Whether done in France, India or Sri Lanka they display the strength of a restraint inspired by Europe and a pleasant radiance derived from the East. All the work of his mature years is also distinguished for superb draughtsmanship.

He did not leave behind a substantial body of work, but some of his portraits and a few landscapes bear the distinctive impress of a true master of his craft working at the top of his bent, and are likely never to be excelled.

Harry showed with the Ceylon Society of Arts before 1943, but thereafter exclusively with the group he shepherded in Colombo, and also with his fellow-artists in London and Paris.

Too busy advancing the causes of his brother-artists, it is no surprise to learn that his first and only one-man exhibition was held to celebrate his 80th birthday, an occasion on which his outstanding talent and immense gifts were all too clearly on view.

The attractively illustrated brochure published to mark the event contained some affectionate tributes by friends and colleagues. The private collection of art he assembled at 32/1, Barnes Place is the cultivated key to his eclectic personal taste, and almost an anthology of contemporary painting in Sri Lanka.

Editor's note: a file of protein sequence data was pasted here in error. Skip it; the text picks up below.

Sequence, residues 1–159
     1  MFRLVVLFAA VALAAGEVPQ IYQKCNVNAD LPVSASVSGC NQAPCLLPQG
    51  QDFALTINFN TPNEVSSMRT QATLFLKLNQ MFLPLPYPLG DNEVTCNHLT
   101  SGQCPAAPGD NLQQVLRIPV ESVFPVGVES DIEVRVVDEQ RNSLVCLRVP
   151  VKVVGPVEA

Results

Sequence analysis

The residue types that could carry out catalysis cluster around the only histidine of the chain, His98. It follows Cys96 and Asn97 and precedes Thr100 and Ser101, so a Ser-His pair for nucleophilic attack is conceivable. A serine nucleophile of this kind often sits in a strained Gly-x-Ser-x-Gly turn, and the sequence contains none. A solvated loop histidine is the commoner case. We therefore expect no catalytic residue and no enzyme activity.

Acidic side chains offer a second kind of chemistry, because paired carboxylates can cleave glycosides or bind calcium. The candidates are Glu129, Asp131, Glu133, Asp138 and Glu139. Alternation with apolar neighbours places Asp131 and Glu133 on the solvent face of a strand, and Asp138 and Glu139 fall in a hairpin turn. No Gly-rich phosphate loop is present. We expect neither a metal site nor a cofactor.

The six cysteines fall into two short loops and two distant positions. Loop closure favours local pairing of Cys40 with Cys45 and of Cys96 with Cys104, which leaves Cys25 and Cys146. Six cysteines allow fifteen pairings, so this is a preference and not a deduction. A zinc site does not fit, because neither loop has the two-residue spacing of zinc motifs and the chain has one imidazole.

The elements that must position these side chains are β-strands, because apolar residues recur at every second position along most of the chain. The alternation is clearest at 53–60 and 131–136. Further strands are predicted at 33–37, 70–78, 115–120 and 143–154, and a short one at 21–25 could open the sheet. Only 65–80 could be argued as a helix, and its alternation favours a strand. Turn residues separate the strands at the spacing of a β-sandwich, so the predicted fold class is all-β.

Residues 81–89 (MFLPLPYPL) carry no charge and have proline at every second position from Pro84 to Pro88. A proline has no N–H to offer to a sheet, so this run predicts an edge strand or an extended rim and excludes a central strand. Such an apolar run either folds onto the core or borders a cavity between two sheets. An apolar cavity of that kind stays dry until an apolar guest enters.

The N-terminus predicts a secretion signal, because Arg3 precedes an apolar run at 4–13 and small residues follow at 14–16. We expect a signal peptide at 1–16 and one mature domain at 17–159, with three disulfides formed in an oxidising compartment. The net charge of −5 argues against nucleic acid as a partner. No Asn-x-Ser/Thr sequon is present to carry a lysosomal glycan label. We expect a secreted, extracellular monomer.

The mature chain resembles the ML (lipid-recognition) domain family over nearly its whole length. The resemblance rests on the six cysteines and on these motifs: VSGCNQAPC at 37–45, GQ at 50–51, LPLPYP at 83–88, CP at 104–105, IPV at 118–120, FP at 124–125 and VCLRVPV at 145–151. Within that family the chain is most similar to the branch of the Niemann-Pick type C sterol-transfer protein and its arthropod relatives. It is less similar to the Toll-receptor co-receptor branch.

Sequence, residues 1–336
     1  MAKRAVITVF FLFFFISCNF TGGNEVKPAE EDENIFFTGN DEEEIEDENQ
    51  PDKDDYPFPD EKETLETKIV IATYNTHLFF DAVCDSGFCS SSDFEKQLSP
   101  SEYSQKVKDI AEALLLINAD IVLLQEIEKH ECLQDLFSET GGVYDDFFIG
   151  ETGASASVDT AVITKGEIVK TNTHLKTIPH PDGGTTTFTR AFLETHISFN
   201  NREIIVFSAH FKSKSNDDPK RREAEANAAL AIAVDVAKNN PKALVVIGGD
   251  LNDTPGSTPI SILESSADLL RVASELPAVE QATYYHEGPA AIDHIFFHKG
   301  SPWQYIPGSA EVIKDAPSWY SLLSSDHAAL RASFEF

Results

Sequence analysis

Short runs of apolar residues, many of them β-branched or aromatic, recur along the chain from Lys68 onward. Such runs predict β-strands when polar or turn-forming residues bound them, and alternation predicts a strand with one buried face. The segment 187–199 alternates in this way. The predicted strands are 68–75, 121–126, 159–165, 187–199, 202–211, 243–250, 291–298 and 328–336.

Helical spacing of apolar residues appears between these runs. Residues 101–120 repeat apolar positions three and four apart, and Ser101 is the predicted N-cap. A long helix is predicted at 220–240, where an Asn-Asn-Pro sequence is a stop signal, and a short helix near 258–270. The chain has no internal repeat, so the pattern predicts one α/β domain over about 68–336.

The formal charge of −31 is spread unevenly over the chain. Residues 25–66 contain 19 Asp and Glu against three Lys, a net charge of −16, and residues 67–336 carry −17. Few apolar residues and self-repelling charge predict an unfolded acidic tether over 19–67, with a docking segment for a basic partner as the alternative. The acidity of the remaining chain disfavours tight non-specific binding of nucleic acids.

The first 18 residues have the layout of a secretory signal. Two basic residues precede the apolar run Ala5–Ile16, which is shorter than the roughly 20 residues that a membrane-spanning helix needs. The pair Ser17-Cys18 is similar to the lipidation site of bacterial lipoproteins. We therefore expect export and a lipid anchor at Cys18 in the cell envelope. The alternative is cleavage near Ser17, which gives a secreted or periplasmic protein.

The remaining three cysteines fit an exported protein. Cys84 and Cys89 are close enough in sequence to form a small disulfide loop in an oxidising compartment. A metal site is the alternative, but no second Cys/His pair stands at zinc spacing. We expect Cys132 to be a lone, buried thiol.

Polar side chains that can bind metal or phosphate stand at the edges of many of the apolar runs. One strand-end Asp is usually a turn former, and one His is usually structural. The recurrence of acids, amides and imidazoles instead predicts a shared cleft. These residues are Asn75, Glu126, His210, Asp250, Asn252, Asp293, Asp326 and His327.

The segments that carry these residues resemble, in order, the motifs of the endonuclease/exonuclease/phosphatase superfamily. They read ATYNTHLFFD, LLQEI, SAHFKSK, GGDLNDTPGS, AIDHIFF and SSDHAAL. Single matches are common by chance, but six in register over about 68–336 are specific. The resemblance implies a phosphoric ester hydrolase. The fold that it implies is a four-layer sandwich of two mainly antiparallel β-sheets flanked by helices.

The painters of the '43 Group were subjected to a great deal of public ridicule and opposition, but Wendt was there to disarm the pseudo-critics with his devastating pen at the beginning.

Throughout the twenty-five years in which it functioned as a kind of 'new wave' however, official apathy was conspicuous, a philistine elite turned up its pretty - pretty nose, and a largely pretentious and ill-informed press ignored its importance.

That is survived so long was, in great measure, due to Harry's tenacity and his unsparing belief in the significance of what it had to offer to the national inheritance.

In an inhumane political climate, where intellectual sophistry flourishes and cultural artifice abounds, from where will the fresh air and creative artistic impulse come as it did in 1943?


When all is said and done, Harry Pieris will best be remembered for his dedication to the contemporary renascence of art forms in Sri Lanka, and his commitment to the task of keeping alive the energising vitality, and an essentially vivacious synthesis between East and West, which the '43 Group represented at its quintessential best.

One hopes the Sapumal Foundation he authored in 1974 for so worthy a cause will help to keep his memory green, and the spirit of his work alive in the ways he would have wished it to move.

The writer was a bibliographer, librarian of the University of Peradeniya and a prominent member of the academic community.

He was a close friend of the '43 Group of Painters. The article was originally written in 1988.